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Domestic Violence

Defending yourself against a domestic violence charge in Ohio

By June 18, 2024June 28th, 2024No Comments

Domestic violence charges are a serious matter in Ohio. Second or third offenses can result in sentences of up to three years in jail or fines of up to $10,000.

If you’re charged with domestic violence in Ohio, the first step you should take is to consult a domestic violence defense attorney to discuss your case and plan your defense.

Whether the accusations are accurate or not, you are entitled to an experienced defense attorney who is committed to representing your interests and defending your rights as a defendant. So, what are some of the ways that you can defend yourself against charges of domestic violence?

Read on for defense attorney Max Hiltner’s practical guide on some common ways to defend yourself against domestic violence charges in Ohio.

What Counts As Domestic Violence in Ohio?

In Ohio, “domestic violence” is defined by the Ohio Revised Code Article 3113.31 and can include any of the following acts:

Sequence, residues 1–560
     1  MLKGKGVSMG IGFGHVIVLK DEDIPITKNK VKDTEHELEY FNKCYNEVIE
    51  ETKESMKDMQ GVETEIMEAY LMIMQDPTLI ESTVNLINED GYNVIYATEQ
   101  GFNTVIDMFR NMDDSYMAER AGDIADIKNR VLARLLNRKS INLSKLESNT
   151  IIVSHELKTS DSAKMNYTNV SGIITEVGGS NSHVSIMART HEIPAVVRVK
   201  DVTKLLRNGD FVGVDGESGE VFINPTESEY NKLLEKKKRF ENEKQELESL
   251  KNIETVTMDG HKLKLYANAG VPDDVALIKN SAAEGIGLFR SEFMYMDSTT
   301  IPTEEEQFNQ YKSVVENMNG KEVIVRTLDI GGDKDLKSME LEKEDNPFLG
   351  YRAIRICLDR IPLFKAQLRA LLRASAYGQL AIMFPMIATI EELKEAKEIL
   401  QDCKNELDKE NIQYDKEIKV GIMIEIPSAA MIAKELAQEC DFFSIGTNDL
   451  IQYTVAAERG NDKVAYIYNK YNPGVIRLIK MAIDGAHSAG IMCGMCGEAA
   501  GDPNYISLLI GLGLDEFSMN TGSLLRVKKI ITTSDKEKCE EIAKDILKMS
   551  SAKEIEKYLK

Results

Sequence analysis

These acts are considered domestic violence if they are committed against a “family or household member” who presses charges, which can include any of the following people:

  1. Current or former spouses
  2. A partner the defendant has lived with in the last five years
  3. Parents or foster parents
  4. Children
  5. Extended family members
  6. A parent or child of the defendant’s spouse, former spouse, or romantic partner
  7. An extended family member of the defendant’s spouse, former spouse, or romantic partner

To effectively address charges of domestic violence, it is crucial to understand your legal options and build a strong defense. Consulting with a knowledgeable attorney who is knowledgeable of domestic violence law in Ohio is an essential first step.

What Are Common Defenses Against Domestic Violence in Ohio?

The state of Ohio takes domestic violence very seriously, and penalties can range from 60 days in jail with a $500 fine to three years in jail or a fine of up to $10,000. Plus, the accusation alone can lead to problems in your personal and professional life.